2x1. Planet of Giants
Writer: Louis Marks
Directors: Douglas Camfield & Mervyn Pinfield
Script Editor: David Whitaker
Producers: Verity Lambert & Mervyn Pinfield
Synopsis: The Doctor and his companions find themselves shrunk
the size of insects by the sudden increase in pressure when the TARDIS
open before the ship can properly materialize. They land on Earth and
threatened by natural dangers as well as the schemes of a murderous
who wants to conceal the dangerous effects of his new
Review: "Planet of Giants" is in some ways the toughest kind of
episode to review. It's almost uniformly average, with few exceptional
moments and equally few glaring flaws. At the level of its fairly
modest ambitions, it basically
works, and I'm not sure what I'd suggest to improve the story, but it
capture my attention like "The Aztecs" or even "Inside the Spaceship"
These early Doctor Who episodes have done a pretty good job of
the TARDIS crew solving problems without resorting to brute force.
there was some action and violence in "The Daleks" and "The Keys of
the emphasis was still on the way they used their brains to handle
situations, and "Planet of Giants" takes that to its logical extreme by
them almost entirely incapable of using physical force against the
they encounter. Not all of their efforts are successful -- they labor
great length to make a telephone call only to find that the person at
other end can't hear them -- but they're adept enough to escape with
lives and intelligent enough to figure out what's going on with DN6
on the evidence of the dead insects, the scientific documentation they
across, and the body of the murdered Mr. Farrow. The four of them are
at their most comfortable with each others' company that we've seen so
as there is no trace of the animosity and mistrust that the Doctor had
towards Ian and Barbara in some of the first season episodes.
Two elements of the story do stand out from the rest. The first is the
of Dr. Smithers, whose name it is impossible to hear without laughing
the post-Simpsons era but who makes for a refreshingly
conflicted antagonist. He participates in Forester's scheme, but
reluctantly, and only because he's unaware of Farrow's
true findings about DN6 and still believes it can be used to prevent
deaths. Since the TARDIS crew never really interact with the other
characters, Smithers forms a nice contrast to the truly selfish and
Forester. The second is the specifics of the plot itself, which seems
reflect the concerns of an earlier phase of the environmental movement
issues like global warming and ozone depletion became more prominent.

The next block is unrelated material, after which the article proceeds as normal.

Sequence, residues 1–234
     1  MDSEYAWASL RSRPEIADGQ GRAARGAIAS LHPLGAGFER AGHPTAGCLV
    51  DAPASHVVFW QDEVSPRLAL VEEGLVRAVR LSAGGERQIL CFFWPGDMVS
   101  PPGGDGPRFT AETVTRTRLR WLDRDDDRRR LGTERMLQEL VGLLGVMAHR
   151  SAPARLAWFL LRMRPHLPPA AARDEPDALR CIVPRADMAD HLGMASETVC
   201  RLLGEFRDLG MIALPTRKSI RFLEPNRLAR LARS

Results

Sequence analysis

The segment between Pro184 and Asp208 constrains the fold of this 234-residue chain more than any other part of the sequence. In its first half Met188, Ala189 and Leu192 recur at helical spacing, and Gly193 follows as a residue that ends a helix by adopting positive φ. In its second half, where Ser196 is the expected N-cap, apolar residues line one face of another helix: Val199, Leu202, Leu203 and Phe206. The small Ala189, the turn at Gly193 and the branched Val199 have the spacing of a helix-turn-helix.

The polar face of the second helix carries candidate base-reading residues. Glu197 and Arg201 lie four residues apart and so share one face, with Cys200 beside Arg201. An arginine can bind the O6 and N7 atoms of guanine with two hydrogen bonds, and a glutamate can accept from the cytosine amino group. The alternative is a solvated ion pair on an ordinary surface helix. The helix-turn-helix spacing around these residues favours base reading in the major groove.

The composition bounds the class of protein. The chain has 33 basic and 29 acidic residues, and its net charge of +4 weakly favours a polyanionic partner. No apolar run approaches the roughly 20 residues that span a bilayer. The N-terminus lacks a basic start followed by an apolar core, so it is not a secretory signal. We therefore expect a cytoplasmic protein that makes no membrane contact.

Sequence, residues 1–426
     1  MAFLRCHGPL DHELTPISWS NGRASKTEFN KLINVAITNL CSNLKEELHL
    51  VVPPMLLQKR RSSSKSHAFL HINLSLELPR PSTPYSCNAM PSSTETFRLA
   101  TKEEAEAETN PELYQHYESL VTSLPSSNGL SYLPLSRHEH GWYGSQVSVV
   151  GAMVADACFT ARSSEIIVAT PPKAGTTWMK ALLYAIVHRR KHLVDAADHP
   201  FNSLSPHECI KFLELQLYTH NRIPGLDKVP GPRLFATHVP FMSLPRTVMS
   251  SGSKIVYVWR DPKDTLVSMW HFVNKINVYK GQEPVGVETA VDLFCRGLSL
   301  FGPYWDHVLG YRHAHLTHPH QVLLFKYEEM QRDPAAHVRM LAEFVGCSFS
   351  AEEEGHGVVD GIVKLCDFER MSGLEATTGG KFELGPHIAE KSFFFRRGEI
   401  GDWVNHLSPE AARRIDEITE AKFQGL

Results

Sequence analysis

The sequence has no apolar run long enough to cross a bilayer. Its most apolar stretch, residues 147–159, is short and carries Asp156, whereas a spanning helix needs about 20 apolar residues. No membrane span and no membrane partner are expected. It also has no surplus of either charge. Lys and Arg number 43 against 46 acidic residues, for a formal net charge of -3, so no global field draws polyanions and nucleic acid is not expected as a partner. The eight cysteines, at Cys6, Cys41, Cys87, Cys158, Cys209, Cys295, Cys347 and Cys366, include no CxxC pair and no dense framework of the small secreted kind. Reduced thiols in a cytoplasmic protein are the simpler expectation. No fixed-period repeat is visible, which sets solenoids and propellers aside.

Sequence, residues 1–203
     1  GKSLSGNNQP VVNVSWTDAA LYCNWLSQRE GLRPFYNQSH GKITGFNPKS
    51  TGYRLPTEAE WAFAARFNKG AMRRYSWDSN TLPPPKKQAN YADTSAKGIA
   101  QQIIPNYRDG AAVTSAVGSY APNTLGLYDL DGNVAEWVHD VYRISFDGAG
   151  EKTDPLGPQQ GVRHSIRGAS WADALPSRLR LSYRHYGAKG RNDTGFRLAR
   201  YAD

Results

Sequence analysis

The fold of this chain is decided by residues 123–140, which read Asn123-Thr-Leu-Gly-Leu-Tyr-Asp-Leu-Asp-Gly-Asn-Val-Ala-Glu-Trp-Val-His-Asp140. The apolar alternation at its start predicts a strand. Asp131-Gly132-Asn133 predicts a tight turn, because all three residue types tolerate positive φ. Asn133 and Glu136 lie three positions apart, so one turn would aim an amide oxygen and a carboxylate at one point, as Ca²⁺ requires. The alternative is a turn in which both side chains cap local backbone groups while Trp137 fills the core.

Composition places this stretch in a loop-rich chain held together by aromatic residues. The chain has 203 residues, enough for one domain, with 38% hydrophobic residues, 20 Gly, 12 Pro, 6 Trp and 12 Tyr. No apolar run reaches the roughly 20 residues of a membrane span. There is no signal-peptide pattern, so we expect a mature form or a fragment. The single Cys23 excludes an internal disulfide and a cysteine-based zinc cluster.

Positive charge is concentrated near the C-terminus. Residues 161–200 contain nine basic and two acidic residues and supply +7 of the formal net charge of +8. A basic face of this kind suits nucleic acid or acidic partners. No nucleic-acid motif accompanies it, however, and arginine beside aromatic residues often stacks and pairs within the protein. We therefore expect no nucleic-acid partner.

Louis Marks was reportedly inspired by Rachel Carson's Silent
which was published only two years earlier, and "Planet of Giants"
a certain historical significance as a result. If nothing else,
it's worth a look for anyone studying the ways in which
environmentalist concerns have been portrayed in popular entertainment.
One area in which the serial feels a bit "off" is in its handling of
and her poisoning by DN6. It's not at all clear to me why she chooses
hide this from the others, and it's equally unclear why none of them
that this is the reason for her strange behavior and unexplained
when the Doctor has warned them all that they could be in danger from
pesticide. I also didn't think much of the Doctor's eventual "solution"
their predicament, which is to try to lure the authorities to the house
starting a fire. First of all, it doesn't really work: though they
to burn Forester's face and prevent him from potentially killing
nothing actually catches fire, and Forester is only caught because the
telephone operator had sent her policeman husband over to investigate.
of all, I realize that they were running out of time to save Barbara,
isn't this kind of irresponsible? They had no idea how big the house
or who else might be there, and starting a fire could just as easily
killed everyone and destroyed the evidence of what Forester and
were doing. And come to think of it, why couldn't they go back to the
cure Barbara, and then return to the house to try to stop Forester?
still would have faced danger given their size, of course, but it
seems like the less risky of their options.
Still, whatever its merits and faults, "Planet of Giants" is not a
that leaves much of an impression either way. It's mildly interesting
its environmental theme and for the three-episode format that would not
used again until the Sylvester McCoy era (though it was originally
as a four-parter, with the last two episodes condensed at Verity
order). Otherwise, it can safely be filed away under "Competent but
Rating: **1/2 (out of four)
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